Four metres below the surface of the sea, I take a deep breath and remove my mask.
“It’s only for one minute,” I tell myself. “You can do anything for a minute.”
My eyes are squeezed shut to stop salt water going in them and my regulator is firmly in my mouth. I feel my lungs fill with air, but can’t seem to shake the sensation that I’m not quite breathing properly.
Seawater is pushing its way up my nose and my throat is starting to burn. I reach out to try to get my instructor's attention – Ahmed's watching me but doesn't seem worried. Another shoot of water finds its way up my nostrils and I know I need to get out of there.
Forgetting my coaching, I start swimming upward. I can feel the water getting warmer as I inch closer to the surface and as soon as I break through the waves I open my eyes and spit out the regulator. Gasping for air, I feel like I've swallowed about 100 litres of seawater.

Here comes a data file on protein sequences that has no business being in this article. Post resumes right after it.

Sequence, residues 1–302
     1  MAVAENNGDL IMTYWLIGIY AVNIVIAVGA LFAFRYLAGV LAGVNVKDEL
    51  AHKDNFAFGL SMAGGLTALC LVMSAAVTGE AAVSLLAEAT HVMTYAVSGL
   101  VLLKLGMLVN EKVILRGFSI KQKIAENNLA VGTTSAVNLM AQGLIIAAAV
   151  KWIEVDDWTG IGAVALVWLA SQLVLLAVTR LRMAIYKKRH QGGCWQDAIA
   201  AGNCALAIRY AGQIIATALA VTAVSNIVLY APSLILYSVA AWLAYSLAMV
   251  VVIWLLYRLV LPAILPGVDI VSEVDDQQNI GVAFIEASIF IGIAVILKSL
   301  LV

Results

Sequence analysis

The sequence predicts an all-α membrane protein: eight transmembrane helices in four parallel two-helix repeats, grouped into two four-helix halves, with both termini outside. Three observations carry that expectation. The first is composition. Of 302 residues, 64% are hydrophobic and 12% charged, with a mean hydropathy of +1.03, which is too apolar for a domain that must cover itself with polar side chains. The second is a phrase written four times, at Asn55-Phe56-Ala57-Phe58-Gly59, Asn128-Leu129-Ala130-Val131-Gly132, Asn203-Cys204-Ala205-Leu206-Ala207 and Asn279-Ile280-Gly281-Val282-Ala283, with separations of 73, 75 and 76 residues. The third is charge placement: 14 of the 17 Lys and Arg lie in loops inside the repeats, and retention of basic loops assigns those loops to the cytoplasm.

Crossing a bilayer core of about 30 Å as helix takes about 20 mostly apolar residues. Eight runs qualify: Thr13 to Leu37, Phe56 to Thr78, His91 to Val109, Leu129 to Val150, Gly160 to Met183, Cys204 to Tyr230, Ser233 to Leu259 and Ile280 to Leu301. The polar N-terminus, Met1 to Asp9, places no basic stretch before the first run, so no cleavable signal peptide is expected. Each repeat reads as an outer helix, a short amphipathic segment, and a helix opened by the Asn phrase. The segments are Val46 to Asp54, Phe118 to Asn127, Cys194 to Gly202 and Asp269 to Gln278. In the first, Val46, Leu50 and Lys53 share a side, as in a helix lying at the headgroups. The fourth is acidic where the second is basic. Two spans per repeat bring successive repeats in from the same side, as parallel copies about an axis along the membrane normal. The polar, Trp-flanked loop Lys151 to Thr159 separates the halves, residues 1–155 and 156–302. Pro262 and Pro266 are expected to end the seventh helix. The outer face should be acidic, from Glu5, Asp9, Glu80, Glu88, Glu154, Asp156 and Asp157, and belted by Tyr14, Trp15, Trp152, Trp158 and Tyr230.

A moment later, Ahmed and my dive buddy surface alongside me, both wearing slightly puzzled expressions. Thankfully, having been at a depth of only four metres, I don't need to worry about decompression sickness, which could have been an issue if I'd come up that fast from a greater depth.
It appears that the only real damage done is to my ego, and I’m thankful that my burning cheeks could be attributed to the sun’s stinging rays, rather than my own embarrassment.
Having spent more than three weeks completing the e-learning portion of my Professional Association of Diving Instructors (Padi) Open Water Diver certification, I’m determined that the practical side of things won’t be my downfall. Which is why, early the next morning, I’m back in the water at the Ocean Dive Centre in Abu Dhabi to try again.